The Breakthrough Fellows, along with other GCO team members, recently had the opportunity to watch and reflect on the movie Les Misérables. For those unfamiliar with the story: an ex-convict, Jean Valjean, restores value to his life after a priest accepts him into his home and gives him a second chance to live with dignity. Though Valjean is able to turn his life around, the troubles of his past come to haunt him as his law-zealous adversary, Inspector Javert, recognizes him from his former life.
I found the story of Les Misérables so moving because it perfectly depicts the power of being grounded in morals and bringing purpose to one’s life. By accepting the challenge to become a new man, Valjean is able to transition his life from one stripped of purpose to one dedicated to serving others with true compassion. And though Inspector Javert’s pursuit continually disrupts Valjean’s peaceful life, the morals instilled by the priest are never forgotten. This serves Valjean immeasurably as he overcomes the temptation to slip back into his old ways.
Just as ethics and morals are vital to living well in our personal lives, organizations too must be grounded in values. This reflection on Les Misérables came just on the heels of a larger team discussion about the core values of Georgia Center for Opportunity. Under the example of a ship’s ballast (the heavy material that steadies a vessel), GCO’s President, Randy Hicks, listed Dignity , Humility, Integrity, Excellence, and Team as the traits that guide our work. Through evidence-based policy and community-based solutions, the true foundation of what we do is serving others with these values.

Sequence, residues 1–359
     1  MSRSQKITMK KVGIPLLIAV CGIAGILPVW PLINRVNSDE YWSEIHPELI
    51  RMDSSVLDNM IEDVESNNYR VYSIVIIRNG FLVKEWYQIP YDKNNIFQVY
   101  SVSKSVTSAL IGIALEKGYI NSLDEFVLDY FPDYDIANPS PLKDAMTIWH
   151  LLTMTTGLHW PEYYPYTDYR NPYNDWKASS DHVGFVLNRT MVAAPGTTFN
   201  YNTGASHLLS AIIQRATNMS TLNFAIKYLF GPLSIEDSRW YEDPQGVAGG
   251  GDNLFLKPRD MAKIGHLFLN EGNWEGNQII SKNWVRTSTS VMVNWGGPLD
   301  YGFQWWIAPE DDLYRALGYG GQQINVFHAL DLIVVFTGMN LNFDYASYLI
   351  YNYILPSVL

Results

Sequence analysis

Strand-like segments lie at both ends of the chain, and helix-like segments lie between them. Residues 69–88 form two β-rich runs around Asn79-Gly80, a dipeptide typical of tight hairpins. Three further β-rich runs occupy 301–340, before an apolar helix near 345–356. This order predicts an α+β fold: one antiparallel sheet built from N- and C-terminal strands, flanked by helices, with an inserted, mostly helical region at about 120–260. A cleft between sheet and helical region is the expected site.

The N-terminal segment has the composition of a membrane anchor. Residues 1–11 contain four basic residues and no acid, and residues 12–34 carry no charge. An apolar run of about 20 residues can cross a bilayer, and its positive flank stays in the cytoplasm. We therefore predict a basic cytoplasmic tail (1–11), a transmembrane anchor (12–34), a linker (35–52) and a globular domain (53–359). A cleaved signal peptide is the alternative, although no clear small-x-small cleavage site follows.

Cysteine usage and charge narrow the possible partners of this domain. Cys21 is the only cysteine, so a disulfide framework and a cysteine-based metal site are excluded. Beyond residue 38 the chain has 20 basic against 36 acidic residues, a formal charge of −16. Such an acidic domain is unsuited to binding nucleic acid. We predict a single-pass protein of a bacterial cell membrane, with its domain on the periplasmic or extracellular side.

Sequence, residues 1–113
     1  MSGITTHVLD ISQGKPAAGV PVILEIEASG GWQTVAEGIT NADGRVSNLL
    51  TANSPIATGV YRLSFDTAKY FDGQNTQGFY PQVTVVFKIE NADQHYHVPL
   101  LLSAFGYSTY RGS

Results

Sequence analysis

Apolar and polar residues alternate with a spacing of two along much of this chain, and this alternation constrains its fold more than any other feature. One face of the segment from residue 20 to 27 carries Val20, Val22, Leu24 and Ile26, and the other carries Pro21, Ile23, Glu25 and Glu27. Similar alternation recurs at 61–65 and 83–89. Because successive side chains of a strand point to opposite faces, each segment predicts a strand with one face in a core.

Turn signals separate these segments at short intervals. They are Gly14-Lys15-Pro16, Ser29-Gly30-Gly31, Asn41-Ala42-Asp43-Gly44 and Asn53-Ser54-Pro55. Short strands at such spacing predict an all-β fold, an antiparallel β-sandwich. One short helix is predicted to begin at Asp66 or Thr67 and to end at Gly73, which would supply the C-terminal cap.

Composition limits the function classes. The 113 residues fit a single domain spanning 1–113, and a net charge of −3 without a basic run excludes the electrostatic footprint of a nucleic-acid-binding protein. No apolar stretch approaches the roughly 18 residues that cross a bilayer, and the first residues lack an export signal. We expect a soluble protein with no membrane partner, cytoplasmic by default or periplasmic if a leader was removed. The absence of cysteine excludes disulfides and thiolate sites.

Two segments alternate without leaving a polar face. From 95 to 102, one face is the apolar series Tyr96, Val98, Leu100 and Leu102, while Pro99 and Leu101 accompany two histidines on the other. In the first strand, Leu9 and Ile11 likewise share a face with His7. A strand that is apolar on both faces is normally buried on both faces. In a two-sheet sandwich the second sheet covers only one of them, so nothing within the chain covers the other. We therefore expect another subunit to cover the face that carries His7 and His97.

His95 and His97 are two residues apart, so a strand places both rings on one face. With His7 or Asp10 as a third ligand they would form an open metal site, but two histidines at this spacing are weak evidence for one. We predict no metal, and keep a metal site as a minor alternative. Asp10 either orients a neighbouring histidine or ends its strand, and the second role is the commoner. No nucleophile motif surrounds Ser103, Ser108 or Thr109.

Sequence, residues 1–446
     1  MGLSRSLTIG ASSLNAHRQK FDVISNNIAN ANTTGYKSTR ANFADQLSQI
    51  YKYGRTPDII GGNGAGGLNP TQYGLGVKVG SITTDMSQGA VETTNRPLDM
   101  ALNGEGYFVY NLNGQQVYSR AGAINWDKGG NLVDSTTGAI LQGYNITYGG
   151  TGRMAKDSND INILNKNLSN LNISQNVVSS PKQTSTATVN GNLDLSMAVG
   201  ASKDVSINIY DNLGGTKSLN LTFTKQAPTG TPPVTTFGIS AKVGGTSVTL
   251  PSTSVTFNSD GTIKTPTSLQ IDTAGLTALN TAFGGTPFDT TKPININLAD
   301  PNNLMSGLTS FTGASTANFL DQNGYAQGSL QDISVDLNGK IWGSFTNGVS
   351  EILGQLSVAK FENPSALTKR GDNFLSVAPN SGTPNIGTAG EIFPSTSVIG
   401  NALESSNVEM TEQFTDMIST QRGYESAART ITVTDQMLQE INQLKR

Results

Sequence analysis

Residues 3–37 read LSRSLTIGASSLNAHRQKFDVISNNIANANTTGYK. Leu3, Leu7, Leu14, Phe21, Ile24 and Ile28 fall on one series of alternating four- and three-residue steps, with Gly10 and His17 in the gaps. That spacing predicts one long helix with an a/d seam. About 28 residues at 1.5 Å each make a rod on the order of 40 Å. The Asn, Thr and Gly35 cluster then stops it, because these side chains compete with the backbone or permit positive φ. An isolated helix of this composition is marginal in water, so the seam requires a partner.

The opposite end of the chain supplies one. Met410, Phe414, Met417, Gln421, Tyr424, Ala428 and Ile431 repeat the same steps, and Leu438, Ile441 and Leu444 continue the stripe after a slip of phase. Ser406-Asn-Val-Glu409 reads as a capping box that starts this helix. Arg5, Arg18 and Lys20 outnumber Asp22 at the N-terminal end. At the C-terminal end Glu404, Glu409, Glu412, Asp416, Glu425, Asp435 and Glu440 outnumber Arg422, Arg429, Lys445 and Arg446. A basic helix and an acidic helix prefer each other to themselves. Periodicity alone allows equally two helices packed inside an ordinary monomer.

Integrity, Excellence, and Team are common core values for organizations that strive to produce high quality work. What I think makes GCO’s core values unique in the world of think tanks is our inclusion of Dignity and Humility. Often what makes policy effective is not the letter of what is written but rather the principles that connect laws and programs to a higher purpose. As human beings, each of us is inherently valuable and deserving of respect. We know that many of our fellow citizens face barriers to opportunity that limits their ability to thrive, driving our work and creating a sense of urgency. This is how Dignity is made manifest in our work.
But removing barriers to opportunity is complex, and the GCO staff certainly does not have all the answers. Thus we rely on the communities we serve to teach us about their challenges and we work with expert panels and community partnerships to help us identify and implement solutions. We work hard to affect change while keeping in mind our Humility, knowing the limits of what we can achieve alone and recognizing that our greatest impact is realized through working with others.
Human dignity lives by our ability to meet neighbors as equals irrespective of life circumstances, and the ability to accept the compassion of neighbors in times of need. In Les Misérables both Humility and Dignity are not only restoring forces in Jean Valjean’s life, but also guide his interactions with others as a new man. At GCO we recognize, as Jean Valjean did, that it is necessary to hold steadfast to one’s core values. The values that guide our personal lives and our work have the powerful ability to shape a better world around us and hold us to a higher purpose.